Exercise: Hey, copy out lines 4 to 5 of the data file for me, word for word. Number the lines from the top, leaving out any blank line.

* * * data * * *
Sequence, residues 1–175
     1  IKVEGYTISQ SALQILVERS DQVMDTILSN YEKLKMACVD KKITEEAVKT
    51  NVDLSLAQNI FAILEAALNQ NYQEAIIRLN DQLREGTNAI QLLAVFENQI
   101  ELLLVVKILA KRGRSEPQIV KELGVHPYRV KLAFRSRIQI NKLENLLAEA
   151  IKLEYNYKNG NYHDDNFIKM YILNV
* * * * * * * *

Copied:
   101  ELLLVVKILA KRGRSEPQIV KELGVHPYRV KLAFRSRIQI NKLENLLAEA
   151  IKLEYNYKNG NYHDDNFIKM YILNV